Oral Zinc in Normal Subjects: Effect On Serum Copper, Iron, Calcium and Histidine Levels Arthur Sohlar, Ph.D., and Cari C. Pfeiffer, M.D., Ph.D.1
Nutritional zinc supplementation has been increasing due to the recognition that zinc deficiency may play a role in a number of disorders and that the American diet is often lacking in zinc. Beneficial effects of zinc supplementation have been found in wound healing (Pories et al., 1967), hypogeusia (Schecter et al., 1972), hypogonadism and dwarfism (Prasad et al., 1963), complications of sickle cell disease (Brewer et al., 1977), acrodermatitis enteropathica (Neldner and Hambidge, 1975), and some forms of mental illness (Pfeiffer and Cott, 1974). Excess copper may be a factor in one type of schizophrenia which is characterized by low blood histamine levels. The low histamine level may be due to high levels of hista-minase, a copper containing enzyme. High copper or iron levels and/or zinc deficiency may be factors in this condition which responds to zinc supplementation probably due to the antagonism between these ions. In moderate amounts zinc is relatively nontoxic and produces few side effects, the main side effect being intestinal irritation which appears to be more prevalent with the sulfate form. Chronic ingestion of large amounts of zinc may produce copper and iron depletion with a resulting anemia which responds to treatment with copper and iron supplements.
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We (Pfeiffer and Jenney, 1978 and Pfeiffer et al., 1980) have observed a patient who had low serum copper and little if any ceruloplasm due to the ingestion of large amounts of zinc over a period of several months. Prasad et al., (1978) have also reported on a case in which hypocupremia and hypoceruloplasminemia were induced by zinc therapy involving 150 mg elemental zinc per day. The present study documents the effect of a single ingestion of a zinc supplement on a variety of biochemical parameters over a four hour period. The long term administration of zinc results in the control of serum zinc levels by a number of homeostatic mechanisms. A study of the acute effect of zinc on a number of biochemical parameters might give some clues as to what mechanisms might be involved in its homeostatic control. Methods Fifty-five mgs of elemental zinc as the acetate, dissolved in 200 ml of water was ingested by four male and four female volunteer subjects who were laboratory personnel and had given their informed consent. Blood samples were drawn, before, ½ hour, 1 hour, 2 hours, 3 hours and 4 hours after ingestion. In addition to an autoanalyzer chem screen profile for 25 clinical chemistries, serum trypotophan and histidine levels were determined. Blood histamine, spermine, spermidine, lead, man-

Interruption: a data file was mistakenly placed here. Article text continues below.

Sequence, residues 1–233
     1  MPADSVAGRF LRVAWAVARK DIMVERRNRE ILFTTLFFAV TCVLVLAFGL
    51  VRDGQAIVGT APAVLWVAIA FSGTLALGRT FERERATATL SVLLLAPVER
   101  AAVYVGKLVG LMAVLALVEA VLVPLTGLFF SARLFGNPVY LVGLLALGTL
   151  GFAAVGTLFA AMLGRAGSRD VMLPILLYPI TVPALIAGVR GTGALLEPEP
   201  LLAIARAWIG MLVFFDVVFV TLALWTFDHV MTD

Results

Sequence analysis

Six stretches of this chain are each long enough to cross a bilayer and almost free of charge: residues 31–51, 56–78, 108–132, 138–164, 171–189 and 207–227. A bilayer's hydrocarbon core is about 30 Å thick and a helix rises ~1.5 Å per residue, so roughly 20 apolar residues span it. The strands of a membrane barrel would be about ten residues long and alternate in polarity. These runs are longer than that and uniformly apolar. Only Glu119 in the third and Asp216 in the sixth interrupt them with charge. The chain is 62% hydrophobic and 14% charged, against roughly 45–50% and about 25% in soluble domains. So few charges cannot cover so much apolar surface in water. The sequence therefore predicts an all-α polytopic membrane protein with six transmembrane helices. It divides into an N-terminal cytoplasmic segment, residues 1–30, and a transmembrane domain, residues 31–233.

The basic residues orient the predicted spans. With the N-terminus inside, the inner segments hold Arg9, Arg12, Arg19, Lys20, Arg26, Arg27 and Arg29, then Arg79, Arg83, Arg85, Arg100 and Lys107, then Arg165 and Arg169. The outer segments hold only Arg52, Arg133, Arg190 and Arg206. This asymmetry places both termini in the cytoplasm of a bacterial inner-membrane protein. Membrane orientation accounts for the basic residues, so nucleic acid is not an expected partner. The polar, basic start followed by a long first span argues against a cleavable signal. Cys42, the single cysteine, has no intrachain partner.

ORAL ZINC IN NORMAL SUBJECTS
ganese, and aluminum levels were also determined as well as a complete blood count which was carried out on each sample. All subjects had a placebo run in which they ingested 200 ml water. Subjects fasted prior to and during experimental runs. Zinc was administered in the form of the acetate to avoid any biological effects of the anion. Ingestion of 55 mgs zinc with the extreme range of body weight of the subjects provided extremes in dose range of 0.6 -1.5 mg/kgzinc. Results Serum zinc levels roughly doubled and reached a maximum 2 to 3 hours after oral administration. A good correlation was found between the maximum serum zinc level attained and zinc dose when dosage is calculated on the basis of body weight. r= 0.960 t = 8.41 (Figure 1). The higher serum zinc levels attained in female subjects as compared to male subjects (Figure 2) are due to differences in body weight. The ratio of maximum serum zinc level to zinc dose expressed in mg/Kg body weight is not significantly different in male and female subjects. The mean ratio of serum zinc to zinc dose was 340.6 ± 24.1 for females and 335.3 ± 16.8 for males. This difference was not statistically significant. Upon oral administration of the single oral dose, the serum zinc level rises rapidly reaching a maximum 2 to 3 hours after ingestion and then returns to base line at about 6 hours. Table 1 presents mean trace metal levels predose and after 4 hours for the zinc and placebo runs. No significant differences in